Data from the 1992 National Adult Literacy Survey (NALS), 2003 National Assessment of Adult Literacy (NAAL), and the 2012 Program for the International Assessment of Adult Competencies (PIAAC) show that adult literacy skills change relatively little over time. According to the PIAAC, only 12% percent of adults showed the highest proficiency level on literacy tasks, and even less, 9%, showed proficient numeracy skills. These results are the same as a decade earlier when the NAAL demonstrated that only 12% of adults have proficient health literacy skills.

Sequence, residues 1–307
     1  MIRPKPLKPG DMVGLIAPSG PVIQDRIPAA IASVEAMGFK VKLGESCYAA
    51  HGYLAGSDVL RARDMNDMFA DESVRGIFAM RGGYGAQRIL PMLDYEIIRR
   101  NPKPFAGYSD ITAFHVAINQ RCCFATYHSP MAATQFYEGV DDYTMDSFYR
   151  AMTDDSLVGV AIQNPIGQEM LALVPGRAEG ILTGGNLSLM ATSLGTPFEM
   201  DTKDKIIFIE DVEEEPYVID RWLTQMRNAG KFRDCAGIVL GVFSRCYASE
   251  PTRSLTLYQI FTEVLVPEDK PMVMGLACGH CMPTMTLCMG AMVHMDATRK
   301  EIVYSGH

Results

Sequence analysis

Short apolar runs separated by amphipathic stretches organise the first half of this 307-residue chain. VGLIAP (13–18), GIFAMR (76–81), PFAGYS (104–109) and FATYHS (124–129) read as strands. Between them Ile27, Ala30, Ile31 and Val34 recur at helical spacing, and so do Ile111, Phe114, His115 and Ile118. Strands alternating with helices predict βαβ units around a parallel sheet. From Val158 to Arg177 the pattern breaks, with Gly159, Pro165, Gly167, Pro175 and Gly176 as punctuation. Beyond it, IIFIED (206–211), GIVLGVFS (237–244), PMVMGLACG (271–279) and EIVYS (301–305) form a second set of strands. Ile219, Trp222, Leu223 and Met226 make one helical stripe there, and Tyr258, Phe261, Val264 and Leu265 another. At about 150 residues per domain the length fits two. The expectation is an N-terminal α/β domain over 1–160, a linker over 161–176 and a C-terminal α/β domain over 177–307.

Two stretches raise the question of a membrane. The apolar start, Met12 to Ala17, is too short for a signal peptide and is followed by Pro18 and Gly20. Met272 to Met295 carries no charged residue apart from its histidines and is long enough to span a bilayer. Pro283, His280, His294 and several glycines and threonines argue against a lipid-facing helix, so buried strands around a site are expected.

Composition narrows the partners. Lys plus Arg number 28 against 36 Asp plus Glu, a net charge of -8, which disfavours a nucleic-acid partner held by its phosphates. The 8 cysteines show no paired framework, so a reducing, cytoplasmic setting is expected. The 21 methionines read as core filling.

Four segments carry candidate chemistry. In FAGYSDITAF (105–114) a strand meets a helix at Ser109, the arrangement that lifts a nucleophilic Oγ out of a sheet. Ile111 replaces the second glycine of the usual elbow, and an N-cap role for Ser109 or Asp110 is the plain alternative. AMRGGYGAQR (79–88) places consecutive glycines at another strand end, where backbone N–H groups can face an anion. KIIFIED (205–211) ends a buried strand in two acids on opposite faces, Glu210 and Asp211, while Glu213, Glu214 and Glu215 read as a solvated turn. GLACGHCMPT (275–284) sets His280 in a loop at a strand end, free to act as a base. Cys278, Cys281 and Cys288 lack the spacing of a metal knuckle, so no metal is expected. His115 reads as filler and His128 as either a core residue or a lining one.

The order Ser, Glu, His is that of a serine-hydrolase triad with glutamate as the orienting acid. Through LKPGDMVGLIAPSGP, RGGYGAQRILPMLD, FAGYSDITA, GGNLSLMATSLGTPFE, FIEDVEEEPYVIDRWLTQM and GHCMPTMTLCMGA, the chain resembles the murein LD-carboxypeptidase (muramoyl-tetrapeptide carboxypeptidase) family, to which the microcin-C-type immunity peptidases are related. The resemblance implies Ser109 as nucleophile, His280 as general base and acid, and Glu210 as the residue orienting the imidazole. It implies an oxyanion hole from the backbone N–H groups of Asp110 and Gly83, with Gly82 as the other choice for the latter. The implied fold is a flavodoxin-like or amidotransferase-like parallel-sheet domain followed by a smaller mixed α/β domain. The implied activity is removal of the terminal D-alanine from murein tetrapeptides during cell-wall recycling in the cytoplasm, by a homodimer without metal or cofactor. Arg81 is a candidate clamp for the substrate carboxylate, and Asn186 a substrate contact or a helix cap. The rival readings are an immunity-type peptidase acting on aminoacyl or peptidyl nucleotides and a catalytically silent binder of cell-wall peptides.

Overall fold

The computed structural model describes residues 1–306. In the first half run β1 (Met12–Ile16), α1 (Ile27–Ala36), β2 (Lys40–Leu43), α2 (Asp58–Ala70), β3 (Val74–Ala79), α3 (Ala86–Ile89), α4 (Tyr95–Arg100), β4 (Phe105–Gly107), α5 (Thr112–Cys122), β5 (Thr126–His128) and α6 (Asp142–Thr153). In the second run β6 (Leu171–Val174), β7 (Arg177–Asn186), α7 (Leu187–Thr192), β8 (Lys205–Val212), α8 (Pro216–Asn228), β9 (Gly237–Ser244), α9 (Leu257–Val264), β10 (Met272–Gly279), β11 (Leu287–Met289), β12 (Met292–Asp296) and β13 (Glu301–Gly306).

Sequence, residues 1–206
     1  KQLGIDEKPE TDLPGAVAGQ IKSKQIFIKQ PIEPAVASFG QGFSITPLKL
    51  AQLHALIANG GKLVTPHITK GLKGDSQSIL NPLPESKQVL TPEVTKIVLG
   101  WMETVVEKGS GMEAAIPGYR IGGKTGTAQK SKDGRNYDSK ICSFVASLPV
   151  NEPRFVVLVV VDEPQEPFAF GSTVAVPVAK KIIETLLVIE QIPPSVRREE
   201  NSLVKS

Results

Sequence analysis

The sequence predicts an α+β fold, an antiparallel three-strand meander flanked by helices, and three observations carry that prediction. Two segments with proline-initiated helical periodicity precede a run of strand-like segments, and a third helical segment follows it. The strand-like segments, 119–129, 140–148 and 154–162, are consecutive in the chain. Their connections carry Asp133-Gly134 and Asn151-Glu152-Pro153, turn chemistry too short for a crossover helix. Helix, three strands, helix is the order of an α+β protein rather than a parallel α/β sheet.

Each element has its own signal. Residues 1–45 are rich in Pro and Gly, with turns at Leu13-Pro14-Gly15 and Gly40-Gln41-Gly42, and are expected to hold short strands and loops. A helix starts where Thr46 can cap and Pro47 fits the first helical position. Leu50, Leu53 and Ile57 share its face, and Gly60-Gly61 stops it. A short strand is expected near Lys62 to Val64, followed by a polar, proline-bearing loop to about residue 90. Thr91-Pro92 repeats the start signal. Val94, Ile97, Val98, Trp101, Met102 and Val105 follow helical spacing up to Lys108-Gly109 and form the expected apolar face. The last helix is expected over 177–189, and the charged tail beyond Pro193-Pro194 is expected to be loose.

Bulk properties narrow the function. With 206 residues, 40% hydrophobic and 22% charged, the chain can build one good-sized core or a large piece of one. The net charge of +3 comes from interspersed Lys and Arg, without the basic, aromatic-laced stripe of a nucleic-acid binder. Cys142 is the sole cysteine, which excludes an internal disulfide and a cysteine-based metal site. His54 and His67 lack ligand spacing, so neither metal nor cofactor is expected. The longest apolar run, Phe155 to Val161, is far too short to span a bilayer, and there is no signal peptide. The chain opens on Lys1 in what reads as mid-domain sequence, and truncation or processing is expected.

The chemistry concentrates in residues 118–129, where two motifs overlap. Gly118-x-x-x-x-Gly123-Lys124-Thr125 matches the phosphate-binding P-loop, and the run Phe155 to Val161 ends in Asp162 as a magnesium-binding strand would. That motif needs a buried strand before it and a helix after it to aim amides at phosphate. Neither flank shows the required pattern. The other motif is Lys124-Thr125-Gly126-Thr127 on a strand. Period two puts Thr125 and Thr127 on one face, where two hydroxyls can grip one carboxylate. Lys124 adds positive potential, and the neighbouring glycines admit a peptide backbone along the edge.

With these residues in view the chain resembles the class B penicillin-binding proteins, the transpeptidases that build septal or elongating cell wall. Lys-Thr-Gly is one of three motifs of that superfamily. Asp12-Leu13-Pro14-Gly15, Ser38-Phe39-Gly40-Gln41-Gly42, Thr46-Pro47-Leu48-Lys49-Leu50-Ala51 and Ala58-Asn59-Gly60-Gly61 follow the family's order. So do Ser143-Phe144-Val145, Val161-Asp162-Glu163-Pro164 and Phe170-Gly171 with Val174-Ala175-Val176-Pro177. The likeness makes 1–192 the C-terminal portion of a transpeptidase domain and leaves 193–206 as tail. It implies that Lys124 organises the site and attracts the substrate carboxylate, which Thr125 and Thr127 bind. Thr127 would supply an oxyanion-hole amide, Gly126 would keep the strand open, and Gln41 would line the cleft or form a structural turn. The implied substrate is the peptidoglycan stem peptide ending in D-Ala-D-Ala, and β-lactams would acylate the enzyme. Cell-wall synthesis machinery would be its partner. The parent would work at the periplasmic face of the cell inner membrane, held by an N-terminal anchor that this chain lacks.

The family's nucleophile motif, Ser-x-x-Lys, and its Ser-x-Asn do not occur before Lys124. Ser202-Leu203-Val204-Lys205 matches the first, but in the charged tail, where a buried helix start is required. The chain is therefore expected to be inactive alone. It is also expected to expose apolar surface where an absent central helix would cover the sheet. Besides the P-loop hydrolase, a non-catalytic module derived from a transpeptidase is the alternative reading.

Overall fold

These data indicate that we have broad-based, population-level challenges that demand comparably broad, population-level solutions.
Read about the four NAAL Health Literacy Levels by selecting the links below.
1. Below Basic
Adults with higher literacy scores report better health, which suggests they have a stronger set of skills to prevent disease and protect their health.
U.S. Adults Self-Rated Health Status and 2012 PIAAC Average Literacy Scores
Note: Total possible score is 500. *p<.05. Average score is significantly different from “Excellent” average.
Source: U.S. Department of Education, National Center for Education Statistics. 2013. Literacy, Numeracy, and Problem Solving in Technology-Rich Environments Among U.S. Adults. Washington, DC.